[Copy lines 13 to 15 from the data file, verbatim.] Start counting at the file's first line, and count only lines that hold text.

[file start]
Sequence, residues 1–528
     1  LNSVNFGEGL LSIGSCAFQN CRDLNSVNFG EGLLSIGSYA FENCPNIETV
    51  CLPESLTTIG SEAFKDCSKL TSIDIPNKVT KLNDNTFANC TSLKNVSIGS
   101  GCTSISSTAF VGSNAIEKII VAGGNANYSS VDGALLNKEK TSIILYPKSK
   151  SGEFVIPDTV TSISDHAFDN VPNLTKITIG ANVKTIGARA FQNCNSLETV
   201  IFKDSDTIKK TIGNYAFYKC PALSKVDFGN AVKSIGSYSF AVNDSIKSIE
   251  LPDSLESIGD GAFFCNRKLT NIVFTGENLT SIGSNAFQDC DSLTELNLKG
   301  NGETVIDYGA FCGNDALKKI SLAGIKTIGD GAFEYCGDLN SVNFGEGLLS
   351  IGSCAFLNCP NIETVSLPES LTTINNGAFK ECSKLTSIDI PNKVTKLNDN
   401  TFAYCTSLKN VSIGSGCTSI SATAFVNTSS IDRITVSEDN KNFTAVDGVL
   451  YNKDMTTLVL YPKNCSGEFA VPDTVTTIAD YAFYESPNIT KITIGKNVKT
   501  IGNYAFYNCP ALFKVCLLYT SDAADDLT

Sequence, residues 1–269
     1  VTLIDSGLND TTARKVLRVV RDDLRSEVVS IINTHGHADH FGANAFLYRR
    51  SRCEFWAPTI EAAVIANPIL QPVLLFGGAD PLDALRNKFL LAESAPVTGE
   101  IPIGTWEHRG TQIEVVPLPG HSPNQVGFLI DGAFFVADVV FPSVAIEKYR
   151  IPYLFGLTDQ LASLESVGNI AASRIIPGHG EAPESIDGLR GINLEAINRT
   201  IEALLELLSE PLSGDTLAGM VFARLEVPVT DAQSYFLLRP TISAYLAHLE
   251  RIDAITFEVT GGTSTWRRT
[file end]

Sequence, residues 1–269
     1  VTLIDSGLND TTARKVLRVV RDDLRSEVVS IINTHGHADH FGANAFLYRR
    51  SRCEFWAPTI EAAVIANPIL QPVLLFGGAD PLDALRNKFL LAESAPVTGE